Is organic skincare all it’s cracked up to be?
From your coffee to your t-shirts, everyone is trying to convince you how their product is more organic or natural, ergo better, than the rest. But when it comes to skincare, just how much of the ‘organic’ hype should be believed?
Being worried about the amount of chemicals we apply on a daily basis is something that concerns many of us. And, like in the case of antibacterial soaps, there does seem to be a steadily growing case that maybe they aren’t so great for us after all.
So it’s no wonder that many of us are turning to products that claim ingredients only “found in nature”.
Irene Falcone, organic skincare guru and founder of Nourished Life, says the push towards organic skincare is a natural progression of the healthy food movement.
“As people are becoming more conscious about what they are putting into their bodies, naturally this extends to what they are putting onto their bodies,” she tells Fairfax .
“Organic personal care products really are an extension of the organic and whole food movement, if we remember back to when artificial colours and flavours being removed from food, removing them from beauty and skincare products is the next logical step.”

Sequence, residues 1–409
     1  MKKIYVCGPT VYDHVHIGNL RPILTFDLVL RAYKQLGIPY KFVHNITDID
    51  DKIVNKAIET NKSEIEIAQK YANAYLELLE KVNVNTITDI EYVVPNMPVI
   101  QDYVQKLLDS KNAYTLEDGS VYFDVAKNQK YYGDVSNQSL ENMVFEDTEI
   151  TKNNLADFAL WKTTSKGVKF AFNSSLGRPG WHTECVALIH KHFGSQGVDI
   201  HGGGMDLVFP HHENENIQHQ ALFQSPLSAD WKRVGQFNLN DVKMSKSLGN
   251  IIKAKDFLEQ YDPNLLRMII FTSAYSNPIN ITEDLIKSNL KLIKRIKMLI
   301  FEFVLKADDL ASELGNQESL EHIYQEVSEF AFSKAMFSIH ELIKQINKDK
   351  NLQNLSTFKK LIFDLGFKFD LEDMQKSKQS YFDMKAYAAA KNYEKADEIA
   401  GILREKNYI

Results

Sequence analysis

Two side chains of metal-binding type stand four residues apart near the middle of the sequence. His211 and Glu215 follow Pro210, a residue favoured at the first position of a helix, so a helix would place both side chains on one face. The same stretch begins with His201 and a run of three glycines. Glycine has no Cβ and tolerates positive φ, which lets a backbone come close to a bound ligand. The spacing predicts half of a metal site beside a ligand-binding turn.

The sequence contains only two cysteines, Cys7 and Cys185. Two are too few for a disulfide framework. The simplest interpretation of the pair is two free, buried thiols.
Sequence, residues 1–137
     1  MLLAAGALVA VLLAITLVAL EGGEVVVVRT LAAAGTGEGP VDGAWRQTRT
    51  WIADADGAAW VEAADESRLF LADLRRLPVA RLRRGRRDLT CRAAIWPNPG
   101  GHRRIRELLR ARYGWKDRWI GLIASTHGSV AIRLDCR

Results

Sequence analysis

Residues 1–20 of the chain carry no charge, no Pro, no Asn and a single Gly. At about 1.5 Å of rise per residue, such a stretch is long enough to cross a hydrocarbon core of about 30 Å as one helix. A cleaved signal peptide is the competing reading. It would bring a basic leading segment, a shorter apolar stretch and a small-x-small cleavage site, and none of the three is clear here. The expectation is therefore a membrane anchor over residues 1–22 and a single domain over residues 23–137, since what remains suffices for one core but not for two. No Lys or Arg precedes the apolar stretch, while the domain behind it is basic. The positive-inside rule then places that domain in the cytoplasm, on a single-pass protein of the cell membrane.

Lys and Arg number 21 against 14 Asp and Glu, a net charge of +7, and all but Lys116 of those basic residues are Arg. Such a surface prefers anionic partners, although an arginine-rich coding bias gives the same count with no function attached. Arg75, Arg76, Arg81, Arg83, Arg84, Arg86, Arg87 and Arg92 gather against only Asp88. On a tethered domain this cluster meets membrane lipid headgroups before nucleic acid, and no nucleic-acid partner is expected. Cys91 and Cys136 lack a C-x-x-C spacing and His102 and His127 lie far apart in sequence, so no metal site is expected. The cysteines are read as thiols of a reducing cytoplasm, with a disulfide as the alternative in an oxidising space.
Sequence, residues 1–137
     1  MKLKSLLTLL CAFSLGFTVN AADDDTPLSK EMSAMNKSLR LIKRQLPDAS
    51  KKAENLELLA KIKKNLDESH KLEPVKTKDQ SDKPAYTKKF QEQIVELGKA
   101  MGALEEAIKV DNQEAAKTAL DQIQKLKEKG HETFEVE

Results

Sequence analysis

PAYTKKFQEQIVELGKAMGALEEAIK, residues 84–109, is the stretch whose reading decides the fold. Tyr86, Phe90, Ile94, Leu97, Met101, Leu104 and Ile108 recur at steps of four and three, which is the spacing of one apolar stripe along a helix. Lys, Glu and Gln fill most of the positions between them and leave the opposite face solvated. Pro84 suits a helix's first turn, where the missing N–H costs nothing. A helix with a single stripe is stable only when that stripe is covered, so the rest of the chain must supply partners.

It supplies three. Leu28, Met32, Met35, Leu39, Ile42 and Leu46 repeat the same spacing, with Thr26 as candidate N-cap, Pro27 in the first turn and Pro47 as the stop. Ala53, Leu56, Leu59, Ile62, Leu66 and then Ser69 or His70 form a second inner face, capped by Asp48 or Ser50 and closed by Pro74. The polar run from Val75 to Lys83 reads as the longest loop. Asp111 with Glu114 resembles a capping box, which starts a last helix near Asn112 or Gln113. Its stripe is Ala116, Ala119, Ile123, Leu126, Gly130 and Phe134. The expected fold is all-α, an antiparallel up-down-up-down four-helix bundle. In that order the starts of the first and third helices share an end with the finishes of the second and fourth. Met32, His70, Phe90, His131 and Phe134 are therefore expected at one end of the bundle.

Often accompanied with the promise of containing no apparent “nasties” or “toxic” ingredients – things like parabens, sulphates, phthalates and mineral oil and the like – organic skincare in favours nicer sounding ingredients like rosehip and almond oil.
But are these alternatives any better than your standard cleanser and moisturiser or is it all just another version of “bottled water”?
Short answer is yes – to both these questions.
According to Sydney-based dermatologist and spokesperson for the Australasian College of Dermatologists Dr Natasha Cook, the main issue in the debate about natural or organic skincare is how these terms are applied.
“There really isn’t a debate about whether natural is better,” she tells Fairfax.
“The periodic table is natural; these are chemicals found in nature and they’re the same chemicals that some companies will tell you are bad for you so it can get confusing when consumers are confronted with information that pushes a ‘natural’ and ‘organic’ is best philosophy.”